ALTHOUGH Mikey Garcia is 39 fights into a 12-year professional career, and has won world titles in four different weight divisions, he’s still without the signature win required to unlock the door to superstardom.
In recent times, he has been linked with a number of opponents who would help him achieve this, but still he patiently waits to make the jump. At 39-0, and with IBF and WBC titles at lightweight, it needs to happen soon.
Two possible Garcia opponents, both of whom would fit the bill, are Vasyl Lomachenko and Manny Pacquiao. Lomachenko, the current WBA lightweight champion, is arguably the most technically gifted fighter in the sport today, while Pacquiao, a world champion in six different weight classes, is the WBA regular welterweight champion and remains one of the biggest names around.
Suffice to say, either one of them will do, and Garcia, as confident as you’d expect any unbeaten fighter to be, reckons he’d defeat both with little difficulty. More than that, he believes he’d stop them.
“I really wanted that fight (Pacquiao) a lot a couple of years ago,” Garcia told ESNews. “Right now, there’s other fights that interest me more. But I do definitely want that (Manny Pacquiao) fight. I would knock out both of those guys (Manny Pacquiao and Vasyl Lomachenko).”
A promotional free agent, Garcia, 30, has been linked not only to bouts against Lomachenko and Pacquiao, but also gifted American Errol Spence, the reigning IBF welterweight champion, in a fight that would require Garcia leaping not one but two weight classes.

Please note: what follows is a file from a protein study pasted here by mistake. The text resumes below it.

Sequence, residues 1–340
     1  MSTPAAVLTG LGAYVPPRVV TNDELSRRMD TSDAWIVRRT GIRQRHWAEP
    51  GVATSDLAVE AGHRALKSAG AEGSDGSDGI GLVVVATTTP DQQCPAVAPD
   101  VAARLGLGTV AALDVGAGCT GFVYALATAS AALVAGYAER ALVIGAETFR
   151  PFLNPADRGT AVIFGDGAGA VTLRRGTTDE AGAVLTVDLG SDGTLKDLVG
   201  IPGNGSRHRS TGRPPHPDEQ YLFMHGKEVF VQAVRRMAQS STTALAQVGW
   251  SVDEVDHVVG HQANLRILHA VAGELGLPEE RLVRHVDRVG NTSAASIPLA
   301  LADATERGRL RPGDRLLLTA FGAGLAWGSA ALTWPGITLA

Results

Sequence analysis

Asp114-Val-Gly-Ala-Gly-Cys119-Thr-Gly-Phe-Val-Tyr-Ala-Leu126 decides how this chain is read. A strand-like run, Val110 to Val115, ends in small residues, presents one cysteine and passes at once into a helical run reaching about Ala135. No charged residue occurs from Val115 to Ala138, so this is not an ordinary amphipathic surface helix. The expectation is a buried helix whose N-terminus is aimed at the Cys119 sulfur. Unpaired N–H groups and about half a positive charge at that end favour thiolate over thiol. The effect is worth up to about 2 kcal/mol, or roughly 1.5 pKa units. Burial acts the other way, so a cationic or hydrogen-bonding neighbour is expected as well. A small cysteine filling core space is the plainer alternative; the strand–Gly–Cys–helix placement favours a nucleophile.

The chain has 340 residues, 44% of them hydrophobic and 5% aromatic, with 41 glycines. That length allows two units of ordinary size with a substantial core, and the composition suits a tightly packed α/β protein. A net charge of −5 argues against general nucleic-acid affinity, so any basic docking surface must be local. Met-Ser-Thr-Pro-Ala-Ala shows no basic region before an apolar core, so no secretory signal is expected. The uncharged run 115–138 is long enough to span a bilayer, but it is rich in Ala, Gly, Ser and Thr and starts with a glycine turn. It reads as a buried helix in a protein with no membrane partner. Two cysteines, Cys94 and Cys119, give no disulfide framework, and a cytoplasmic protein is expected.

It remains to be seen what path he takes, but one thing seems clear: Mikey Garcia is ready for all comers.
The hope was that Victor Ortiz and Brandon Rios would meet this summer in a grudge match, but that will have to wait. Instead, Ortiz has confirmed a September 30 fight against John Molina Jr, scheduled for 10 rounds, at the Citizens Business Bank Arena in Ontario, California.
As far as replacements go, it’s not bad at all.
“We’ve known each other a long time and we’re always in exciting battles, so fans should expect nothing less on September 30,” said 31-year-old Ortiz. “I had a broken eye socket from an injury in the second round of the (Devon) Alexander fight, but I’m feeling 100 percent now. I’m ready to take what is rightfully mine and that’s another world title down the road. It’s going to be a war from round one and I can’t wait.”
In February, Ortiz, 32-6-3 (25), was considered lucky to come away with a draw following 12 rounds in the company of Devon Alexander. Before that, he’d fought just three times in three years.
Thirty-five-year-old Molina Jr, meanwhile, has yet to compete in 2018, but has won three of his last four fights, losing only to Terence Crawford, and was last seen knocking out Ivan Redkach in four rounds.
“I respect Victor and everything he’s accomplished in the game, but I know I have the tools to overcome everything he does,” said Molina, 30-7 (24). “Everyone knows that I’m in it to win it. We’re both going to be ready to mix it up and throw bombs. There is no way that I see this fight going the distance. It’s going to come down to heart, and I’m going to be there until (the) final bell.”
It’s not Ortiz vs. Rios, no. But, given the way both are talking, it might not be too far off.